Category Archives: Thrash Metal

The HMO Top Albums of 2015

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As the Earth and the world of metal complete yet another revolution of the sun… it’s time for HMO’s Top Albums of the Year! This is the second end-of-year list to feature at HMO and, like the proverbial second album, it has proven most difficult. 2014 had some very clear outliers but in 2015 there was very little to separate the albums on my list. Placing them in order was a challenge and whittling it down to ten was tough. As a result, there were some especially painful omissions: Europe’s War of Kings; Australasia’s Notturno; Un’s The Tomb of All Things; Possession’s 1585-1646 and Macabre Omen’s Gods of War – At War. In a weaker year any of these albums might have made the cut but, much as it pains me, I couldn’t include them here.

So, without further ado… the list! Drum roll please.

THE HMO TOP ALBUMS OF 2015

Artwork

NUMBER TEN: Obscene Entity – Lamentia

Obscene Entity don’t reinvent any wheels on their debut album but they do kick the absolute fuck out of them. Tight, accomplished, well-written and intensely performed death metal. It’s impossible to tear your ears away from this.

[Obscene Entity – Euphoric Vanity]

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NUMBER NINE: The Antichrist Imperium – The Antichrist Imperium

David Gray and Matt Wilcock continue the work of their former band Akercocke with their new project The Antichrist Imperium. And it’s the devil’s work! The dual vocals of Sam Bean and Sam Loynes add a sexy eclecticism to proceedings but Wilcock’s guitar performance is the star here. He riffs and solos like a man… umm… possessed.

[The Antichrist Imperium – Elegy]

'Album Cover of the Year' Winner
‘Album Cover of the Year’ Winner

NUMBER EIGHT: Paradise Lost – The Plague Within

Paradise Lost go deathier and doomier: reintroducing some long-abandoned extreme elements from their early days. The added fire and brimstone of the band’s delivery mixes with the band’s more established melodic goth metal to ensure this is less a throwback and more a new beginning. Few bands of their vintage sound this vital.

[Paradise Lost – Beneath Broken Earth]

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NUMBER SEVEN: Mgła – Exercises in Futility

As soon as you hear the opening, ringing chords you know this album is going to be the real deal. It’s black metal in the most classic sense: frosty and nihilistic. The music expresses a bleak sense of hopelessness but it’s also strangely inspiring. So never mind your broken dreams or the shitey sky hanging over you, just enjoy this new chapter in the handbook of classic black metal.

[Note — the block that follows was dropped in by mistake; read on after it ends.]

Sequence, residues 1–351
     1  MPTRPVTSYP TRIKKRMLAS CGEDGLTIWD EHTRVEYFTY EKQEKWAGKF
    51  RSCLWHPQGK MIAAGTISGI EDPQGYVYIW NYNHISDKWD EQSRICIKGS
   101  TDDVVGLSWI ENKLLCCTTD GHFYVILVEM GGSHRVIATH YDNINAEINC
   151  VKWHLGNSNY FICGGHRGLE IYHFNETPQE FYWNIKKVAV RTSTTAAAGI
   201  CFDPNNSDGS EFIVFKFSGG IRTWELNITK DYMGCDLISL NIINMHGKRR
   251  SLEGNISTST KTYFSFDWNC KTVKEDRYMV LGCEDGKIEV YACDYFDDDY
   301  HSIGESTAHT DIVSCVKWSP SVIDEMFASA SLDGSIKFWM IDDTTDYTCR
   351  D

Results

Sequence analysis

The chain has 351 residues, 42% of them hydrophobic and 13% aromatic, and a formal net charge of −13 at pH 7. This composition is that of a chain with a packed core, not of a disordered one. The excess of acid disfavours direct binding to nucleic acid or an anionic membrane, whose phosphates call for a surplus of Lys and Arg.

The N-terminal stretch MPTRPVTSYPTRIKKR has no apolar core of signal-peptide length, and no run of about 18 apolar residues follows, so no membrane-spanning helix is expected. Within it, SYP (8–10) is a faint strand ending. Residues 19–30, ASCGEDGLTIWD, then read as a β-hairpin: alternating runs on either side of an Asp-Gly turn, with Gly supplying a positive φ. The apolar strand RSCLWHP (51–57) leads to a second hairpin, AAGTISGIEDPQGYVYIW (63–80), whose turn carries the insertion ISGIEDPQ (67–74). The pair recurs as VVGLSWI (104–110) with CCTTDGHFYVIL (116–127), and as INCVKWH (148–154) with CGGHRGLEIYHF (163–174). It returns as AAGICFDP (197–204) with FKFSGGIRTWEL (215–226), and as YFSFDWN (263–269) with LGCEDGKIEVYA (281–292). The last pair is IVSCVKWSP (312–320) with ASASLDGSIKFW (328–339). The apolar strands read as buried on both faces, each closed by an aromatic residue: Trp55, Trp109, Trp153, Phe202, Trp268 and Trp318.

[Mgła – Exercises in Futility IV]

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NUMBER SIX: Shrines – Shrines

Matt Adnett (Obscene Entity) and Sam Loynes (The Antichrist Imperium) make the list twice by teaming up for Shrines’ impressive and moreish debut album. A couple of right list-hogs! Myriad styles and influences weave and thread throughout the album and Loynes’ idiosyncratic vocals make Shrines one of the most hypnotic and magnetic listens of the year. A very promising debut indeed.

[Shrines – Ariadne’s Thread]

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NUMBER FIVE: Saxon – Battering Ram

It might be tempting to call this “business as usual” for the still-prolific metal legends but there’s magic at work on album No. 21. Thanks to Hell’s Andy Sneap, this is the best-sounding album they’ve put out in aeons and the tracks are all well-crafted and fully-realised: the veteran band finding the perfect intersection between their Hard and Fast metal pounding and their uncanny knack for melody. And the best of it is, you know Saxon will be back with more of this in a year or two. All hail the old school!

[Saxon – Battering Ram]

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NUMBER FOUR: Avatarium – The Girl with the Raven Mask

Avatarium’s 2013 debut was a big act to follow but they pull it off by expanding their sound into a glorious technicolour of classic rock. The whole band sound like they’ve been allowed more input here: there’s Heeps of Hammond, a vibe right out of Purple’s Soldier of Fortune, awesome Blackmore-esque leads and it’s all topped off with Jennie-Ann Smith’s magnificent and sumptious vocals. But the whole thing rests, as always, on Leif Edling’s songwriting wizardry and bottomless well of quality riffs.

[Avatarium – Hypnotized]

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NUMBER THREE: Tribulation – The Children of the Night

Sweden has produced more than its fair share of quality metal bands over the years and Tribulation thrillingly combine elements from a whole bunch of them: the classic rock and occultism of Ghost; the snarling danger of Watain; and the crusty, dug-up goth and swagger of In Solitude’s Sister. I knew I had to get this the moment I heard the opening track but, as well as being immediate, The Children of the Night has a lot of depth. It rewards repeat listens and I keep finding new things to like.